|Publication number||US3973234 A|
|Application number||US 05/513,026|
|Publication date||Aug 3, 1976|
|Filing date||Oct 8, 1974|
|Priority date||Oct 8, 1974|
|Publication number||05513026, 513026, US 3973234 A, US 3973234A, US-A-3973234, US3973234 A, US3973234A|
|Inventors||Karl J. Youtsey, William C. Holt, Jr., Robert D. Carnahan, David H. Spielberg|
|Original Assignee||Universal Oil Products Company|
|Export Citation||BiBTeX, EndNote, RefMan|
|Patent Citations (9), Referenced by (8), Classifications (10)|
|External Links: USPTO, USPTO Assignment, Espacenet|
The invention relates to a novel form of resistor or resistance heating element and to the procedure for producing such types of elements or devices. More specifically, the invention provides for making precision type resistors from semiconductive organic-refractory oxide fibers, such as calcined fine alumina fibers which are drawn from an alumina sol, with such fibers then being treated at high temperature conditions with a pyrolyzable organic substance to have formed thereon a layer of a carbonaceous pyropolymer.
Since the present invention provides that a relatively few or a relatively large number of the resulting semiconductive fibers can be utilized to form a particular resistor element, it is not difficult to produce precision type, controlled resistance, resistors, thermistors, or other resistance type devices. In other words, in the design of a particular resistor, one or more fibers may be added to a group or bundle of the semiconductive fibers until the resistivity is lowered to a desired point. The bundling of a plurality of fibers will not change the temperature coefficient, but will, of course, change the parallel resistance of the grouping.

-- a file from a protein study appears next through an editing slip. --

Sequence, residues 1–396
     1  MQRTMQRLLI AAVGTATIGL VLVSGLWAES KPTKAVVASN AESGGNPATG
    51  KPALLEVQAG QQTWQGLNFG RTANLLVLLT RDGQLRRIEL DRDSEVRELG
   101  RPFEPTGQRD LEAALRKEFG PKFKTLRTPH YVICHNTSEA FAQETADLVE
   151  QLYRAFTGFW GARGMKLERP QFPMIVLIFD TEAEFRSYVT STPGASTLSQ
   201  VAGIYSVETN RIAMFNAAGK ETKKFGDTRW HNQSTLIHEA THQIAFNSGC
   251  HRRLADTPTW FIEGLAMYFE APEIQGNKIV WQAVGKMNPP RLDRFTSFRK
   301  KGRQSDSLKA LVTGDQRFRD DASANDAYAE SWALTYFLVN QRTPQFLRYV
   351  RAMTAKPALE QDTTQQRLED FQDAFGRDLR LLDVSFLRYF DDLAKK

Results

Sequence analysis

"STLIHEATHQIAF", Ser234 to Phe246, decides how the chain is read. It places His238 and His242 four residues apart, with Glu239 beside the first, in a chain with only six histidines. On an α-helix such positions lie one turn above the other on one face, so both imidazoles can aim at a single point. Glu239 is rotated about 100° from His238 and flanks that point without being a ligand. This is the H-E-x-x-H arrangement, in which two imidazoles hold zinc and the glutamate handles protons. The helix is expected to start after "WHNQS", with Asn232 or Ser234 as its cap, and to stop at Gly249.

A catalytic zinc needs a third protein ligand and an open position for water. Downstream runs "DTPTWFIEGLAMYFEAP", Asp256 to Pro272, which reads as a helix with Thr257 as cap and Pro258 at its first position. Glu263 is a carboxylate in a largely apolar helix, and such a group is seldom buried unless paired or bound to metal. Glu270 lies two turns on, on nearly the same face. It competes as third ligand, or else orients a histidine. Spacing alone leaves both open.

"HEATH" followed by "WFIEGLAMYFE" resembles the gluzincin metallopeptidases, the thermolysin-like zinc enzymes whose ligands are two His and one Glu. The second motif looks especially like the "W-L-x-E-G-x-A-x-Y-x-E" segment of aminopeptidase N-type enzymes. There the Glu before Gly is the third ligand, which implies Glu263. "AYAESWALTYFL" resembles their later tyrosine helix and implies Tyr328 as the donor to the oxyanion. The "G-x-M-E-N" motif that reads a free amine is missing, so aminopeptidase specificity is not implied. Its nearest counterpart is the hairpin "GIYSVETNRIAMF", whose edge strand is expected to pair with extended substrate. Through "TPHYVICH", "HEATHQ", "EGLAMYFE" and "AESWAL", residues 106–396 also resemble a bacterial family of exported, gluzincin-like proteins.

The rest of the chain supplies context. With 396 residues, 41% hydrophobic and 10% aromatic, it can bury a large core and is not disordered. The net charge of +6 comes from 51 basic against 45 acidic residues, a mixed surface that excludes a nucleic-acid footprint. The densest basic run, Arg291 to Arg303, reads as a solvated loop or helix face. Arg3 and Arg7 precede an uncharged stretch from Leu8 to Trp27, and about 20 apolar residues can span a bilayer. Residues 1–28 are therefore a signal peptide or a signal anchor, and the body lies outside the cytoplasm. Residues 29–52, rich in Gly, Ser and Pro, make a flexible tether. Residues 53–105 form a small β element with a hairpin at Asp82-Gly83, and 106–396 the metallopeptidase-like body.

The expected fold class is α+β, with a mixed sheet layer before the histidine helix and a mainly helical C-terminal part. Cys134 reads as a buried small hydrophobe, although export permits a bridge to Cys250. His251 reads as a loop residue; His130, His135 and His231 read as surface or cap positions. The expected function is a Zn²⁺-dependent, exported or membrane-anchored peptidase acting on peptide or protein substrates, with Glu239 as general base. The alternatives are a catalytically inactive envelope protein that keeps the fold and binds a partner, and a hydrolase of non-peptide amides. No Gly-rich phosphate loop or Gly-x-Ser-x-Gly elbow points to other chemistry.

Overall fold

It is realized that there are presently many forms of resistors used in the electrical and electronic fields and that some are capable of having controlled, fairly precise, resistance characteristics; however, no known resistors, or resistance type elements, are presently known to be formed from coated fibers in accordance with the present invention in order to readily achieve precise desired characteristics. Typical resistors now in use embody strips formed from depositions of carbon particles, inks, etc., as part of the "thick-film" technology. Also, certain types of resistors may comprise pressed powder mixes which are made from carbon or other semiconductor materials. In any event, many of the presently known types of resistors do not obtain the desired requirements of high resistance values with small size, low noise generation, production repeatability, long term stability, a good temperature range and high temperature coefficient, as well as the capability of withstanding vibration and shock conditions.
It may be considered a principal object of this invention to provide an improved form of resistor element from the utilizatiobn of flexible filaments formed of a refractory oxide that have, in turn, been treated in an atmosphere containing a pyrolyzable organic substance at a temperature above about 400° C. so as to make semiconductive filaments.
It may be considered a further object of the invention to utilize specially produced semiconducting organic-refractory oxide fibers in groups or bundles between terminals so as to have precision high resistance resistors with generally desirable physical and electrical characteristics.
Actually, in a broad aspect, the present invention provides a precision high resistance resistor comprising at least one semiconducting inorganic oxide fiber having been formed from the drawing of a refractory inorganic oxide sol and having a layer of carbonaceous pyropolymer formed from high temperature contact with a pyrolyzable organic substance.
In another aspect, the present invention provides a method for making a precision type resistor element in a manner which comprises the steps of (a) preparing fine flexible fibers from the drawing of a refractory inorganic oxide sol; (b) forming semiconductors of said fibers by forming a layer of a carbonaceous polymer thereon whereby conductivity at room temperature will be from about 10- 8 to about 102 inverse ohm-centimeters; and (c) mounting at least one semiconductive fiber, as prepared from step (b), between terminal means to form an electrical resistance element of a desired resistivity.